This article relies largely or entirely on a single source. (November 2019)
|Owner(s)||Fil Martocci, Gil Martin, Jerry Davis, Anthony Weight|
|Series||Winston Cup, Busch Series|
|Race drivers||David Green, Jeff Burton|
FILMAR Racing is a former NASCAR Winston Cup and Busch Series team. It was owned by Fil Martocci and crew chief Gil Martin. The team was sold in 1999 to the Pinnacle Motorsports Group and then to Davis & Weight Motorsports.
FILMAR began racing in 1989 when they fielded the No. 8 Oldsmobile driven by Bobby Hamilton in the Busch series, winning in September at Richmond. Originally unsponsored, they picked up sponsorship from TIC Financial Industries in June 1990, starting at Orange County Speedway. Hamilton had seven top-fives and finished eleventh in points, but departed for the Winston Cup series and was replaced by David Green. Despite missing a pair of races early in the season, Green won the pole for the season-opening Goody's 300 and won at Lanier Raceway. He finished thirteenth in points and finished runner-up to Jeff Gordon for Rookie of the Year honors. At the end of the season, Green was replaced by Jeff Burton. Burton had four top-fives, including a win at New Hampshire International Speedway, and finished ninth in points.
In 1993, Baby Ruth became the team's sponsor as they switched to Ford, and despite winning at Myrtle Beach Speedway, Burton and the team dropped to fourteenth in points. The team also made its Cup debut that year with Burton at New Hampshire, starting 6th but finishing 37th after their No. 0 Ford wrecked near the midway point of the race.
Kenny Wallace years
After Burton left to run for Stavola Brothers Racing's Cup program, Kenny Wallace was hired as the team's new driver for 1994. Wallace won a pole at Nazareth Speedway and won at Bristol, Martinsville, and Richmond late in the year and finished fourth in points. They also ran a Cup race at Michigan, finishing nineteenth in the No. 81 car.
In 1995, FILMAR and Wallace split time between the Cup and Busch Series. In Cup, the team ran 11 races, finishing in the top-30 three times. In Busch, the team ran fifteen races with sponsorship from Red Dog and won at Richmond and finished 27th in points. In addition to winning again at Richmond in 1996, the team moved up to the Cup series full-time with sponsorship from Square D. Wallace had a seventh-place finish at North Carolina Speedway and finished 28th in points. The following season, FILMAR ran its last Busch race at Richmond as the No. 12 Graybar Ford, starting 27th and finishing 26th. That year, Wallace won his first two career poles in Cup at Martinsville and Bristol. Despite two top-tens, Wallace and the team dropped to 33rd in the standings.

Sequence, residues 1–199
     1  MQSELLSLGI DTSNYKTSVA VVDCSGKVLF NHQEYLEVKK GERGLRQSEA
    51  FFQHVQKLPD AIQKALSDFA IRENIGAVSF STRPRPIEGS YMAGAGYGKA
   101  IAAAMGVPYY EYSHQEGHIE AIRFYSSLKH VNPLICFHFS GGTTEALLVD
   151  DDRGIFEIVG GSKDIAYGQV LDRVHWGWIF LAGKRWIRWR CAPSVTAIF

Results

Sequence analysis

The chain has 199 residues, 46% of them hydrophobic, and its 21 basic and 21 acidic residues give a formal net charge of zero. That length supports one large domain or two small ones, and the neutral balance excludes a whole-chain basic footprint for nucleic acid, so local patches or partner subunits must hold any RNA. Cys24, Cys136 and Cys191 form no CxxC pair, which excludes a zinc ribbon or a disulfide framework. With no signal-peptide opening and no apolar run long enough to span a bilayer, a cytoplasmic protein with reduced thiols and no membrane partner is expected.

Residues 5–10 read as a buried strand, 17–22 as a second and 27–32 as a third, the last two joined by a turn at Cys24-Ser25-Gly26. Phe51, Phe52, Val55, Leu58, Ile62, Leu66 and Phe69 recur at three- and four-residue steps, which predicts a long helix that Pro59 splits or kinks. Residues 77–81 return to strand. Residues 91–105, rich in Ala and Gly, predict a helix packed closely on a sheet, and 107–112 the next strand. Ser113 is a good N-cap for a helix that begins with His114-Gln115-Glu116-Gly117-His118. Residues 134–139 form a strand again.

In 1998, Wallace posted seven top-tens but failed to qualify twice, finishing 31st in points.
Davis & Weight
Towards the end of 1998, Wallace announced he and Square D would be departing FILMAR and join Andy Petree Racing. After rumors spread that Todd Bodine or Willy T. Ribbs would be the team's new driver for 1999, Marcotti sold the team to an organization called the Pinnacle Motorsports Group. The team planned to run that year's Daytona 500 with Morgan Shepherd driving, but failed to qualify. The group was sold again to Davis & Weight Motorsports late in the season. The team made its Busch debut at the Food City 250 with Brandon Sperling driving the No. 55 Pontiac Grand Prix with sponsorship from the University of Florida. He started and finished 27th. Michael Ritch ran a pair of races for D&W that year, at Rockingham and Memphis Motorsports Park, his best finish a 35th.
D&W hired Ritch to compete full-time in the Busch Series in 2000 competing for Rookie of the Year honors. In addition, they announced they would run the No. 81 in Cup in five races that season to move up full-time in 2001. Ritch made 21 starts that season and had five top-twenty finishes in the UoF/Kleenex Ford Taurus, and finished 33rd in points, but the team did not attempt any Cup races. In 2001, Mark Green took over, and had a best finish of sixteenth at Darlington Raceway when the team announced it was closing its Busch program to focus on Cup. After announcing they would attempt the Brickyard 400, the team laid off all of its employees and did not attempt a race again.